Little Pea has arrived: Javier Hernandez brace sends United through to the Champions League quarter finals.
By Jim White
There is always a polyglot of visitors at Old Trafford. The streets around the ground ring with impenetrable dialects: the singsong of Norway, the busy Chinese of Singapore, the nasal twang of Ancoats.
And on Tuesday night, in addition to the 5,000 French supporters being marshalled by a steward declaiming in Salford French “eecee votres billets silver pat”, could be found a knot of Mexicans.
Draped in the national flag, announcing their presence in sombreros and ponchos and loud song, they were, they insisted, only there for Chicharito. After the match-winning performance by their hero, of this we can be certain: they will be back. And next time they’ll bring the rest of the family. If not the whole country.
In his first season in Manchester, Javier Hernandez, the Mexican with the sort of nickname – Little Pea – that would cause endless tittering in a Mancunian playground, has quickly made his mark.
On the merchandise stalls dotting the route to the ground, his face now occupies as many t-shirts as the old favourites Cantona, Best and Giggs.
The green, white and red Mexican flag ever more frequently flutters in the stands. Clearly his manager, too, believes he has now arrived.
For the second big game in a week, Sir Alex Ferguson deployed young Hernandez as his spearhead. For the second big game in a week it was a decision that meant Dimitar Berbatov, the club’s leading scorer was left marooned on the bench, not trusted to lead the line.
The United boss must have liked what he saw on Saturday, in the FA Cup tie with Arsenal, when Hernandez formed such an effective partnership with Wayne Rooney.
The Mexican had occupied the attentions of the Gunners’ back four with his energetic running, allowing Rooney to fall back, patrol the spaces in midfield, and deliver his best performance in a red shirt in 12 long, distressing months.
And so it continued against Marseille. Within five minutes the pair had again combined to maximum effect. Rooney speared a gorgeous pass out to Ryan Giggs, then rampaged into the Marseille area to receive the return, before rolling his assist across the goal line for Hernandez to score.
Apparently unnoticed, ghosting in behind the visitors’ defence, it was the classic poacher’s goal.
His movement for that strike gave indication of why Ferguson preferred him to Berbatov. As Rooney approached, he was level with his marker, the former United man Gabriel Heinze.
Then, with a sudden application of pace, he left the Argentine flat-footed, adrift, looking vainly at the linesman for the get-out of offside. The Bulgarian has never moved like that in his life. He likes others to do his running.
Poor Heinze, he spent much of the game proving that the United manager was correct in his assessment four seasons ago that he had lost his effectiveness.
He cannot have expected to become so quickly re-acquainted with the Old Trafford turf, being constantly sat down by his young opponent who, while not sharing the gnarled physique of his Marseille counterpart Andre-Pierre Gignac, certainly lets defenders know he is around.
Not that there was much sympathy for Heinze. Memories of his attempt to join Liverpool were evident in the boos that greeted his every touch.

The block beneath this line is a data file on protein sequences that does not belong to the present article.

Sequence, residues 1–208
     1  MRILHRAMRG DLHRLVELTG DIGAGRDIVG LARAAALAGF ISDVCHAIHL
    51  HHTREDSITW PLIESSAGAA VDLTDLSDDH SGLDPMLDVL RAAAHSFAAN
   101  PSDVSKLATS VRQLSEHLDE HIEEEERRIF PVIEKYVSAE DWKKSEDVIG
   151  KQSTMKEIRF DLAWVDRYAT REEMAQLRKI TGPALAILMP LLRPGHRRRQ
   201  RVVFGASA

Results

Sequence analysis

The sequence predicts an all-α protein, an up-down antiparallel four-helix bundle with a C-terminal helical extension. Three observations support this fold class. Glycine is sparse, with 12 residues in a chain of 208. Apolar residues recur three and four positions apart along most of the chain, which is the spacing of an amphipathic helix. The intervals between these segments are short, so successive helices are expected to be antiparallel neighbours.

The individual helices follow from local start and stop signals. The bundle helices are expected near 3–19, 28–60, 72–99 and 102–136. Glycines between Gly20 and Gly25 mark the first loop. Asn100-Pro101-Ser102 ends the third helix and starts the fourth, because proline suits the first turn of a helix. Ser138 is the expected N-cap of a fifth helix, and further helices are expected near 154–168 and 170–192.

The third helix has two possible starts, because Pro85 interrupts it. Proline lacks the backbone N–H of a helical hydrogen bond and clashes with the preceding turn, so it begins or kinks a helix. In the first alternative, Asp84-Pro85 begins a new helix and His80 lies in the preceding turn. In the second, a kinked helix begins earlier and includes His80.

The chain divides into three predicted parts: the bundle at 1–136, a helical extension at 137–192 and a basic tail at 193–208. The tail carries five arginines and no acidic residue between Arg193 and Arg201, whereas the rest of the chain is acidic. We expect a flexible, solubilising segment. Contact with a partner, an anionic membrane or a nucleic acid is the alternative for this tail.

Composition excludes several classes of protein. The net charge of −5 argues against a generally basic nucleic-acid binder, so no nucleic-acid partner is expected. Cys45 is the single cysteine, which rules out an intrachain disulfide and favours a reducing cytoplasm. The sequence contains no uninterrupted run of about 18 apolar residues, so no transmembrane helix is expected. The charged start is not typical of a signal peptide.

Mind, Hernandez’s is the kind of movement that can only prove effective if properly noted by team mates. And Giggs, Paul Scholes and Rooney were constantly alert to the possibilities of letting him loose.
Rooney several times rolled the most inviting passes behind the defence. It dovetailed perfectly into Ferguson’s favoured system in Europe of the rapid counter-attack.
Together with Nani, swiftly restored to fitness despite suffering what in his manager’s assessment sounded like amputation at Anfield, Hernandez offered endless threat, endless possibility, scaring Marseille with every incursion.
And, with time slipping away, just as United seemed to be ceding the initiative, just as fear of a sudden breakaway securing French qualification began to gnaw in the stands, just as the French fans found their voice, Chicharito shelled another.
This time Giggs was the supplier, slipping a neat reverse pass from the substitute Antonio Valencia into the path of the Mexican, who, standing in the poacher’s hole on the penalty spot, fired past Steve Mandanda.
Like all great goalscorers his timing was perfect: rarely can a goal have relieved such pressure.
It was as well he found his range. With ten minutes left, Marseille put themselves back within a breakaway of qualification when Heinze compounded the loathing oozing from the stands by bullying Wes Brown at a corner into conceding an own goal.
The French, unlike Arsenal on Saturday, took the opportunity of added time to assault United’s fraying confidence, waved on by their coach Didier Deschamps, wildly semaphoring from the dugout.
Unfortunately for Ferguson, circumstance prevented him making a time-wasting tactical change to ease the pressure. He had been obliged to use his reserves patching up the back line. First John O’Shea pulled up, then his replacement Rafael went down. United were losing right backs at such a rate, it appeared only a matter of time before Gary Neville was called for.
Thus fate conspired to the last against Berbatov. There was to be no late call. No chance to remind us of his skills. And the way Hernandez played last night, in the big games now piling up ahead for United, it is unlikely he will get the opportunity anytime soon.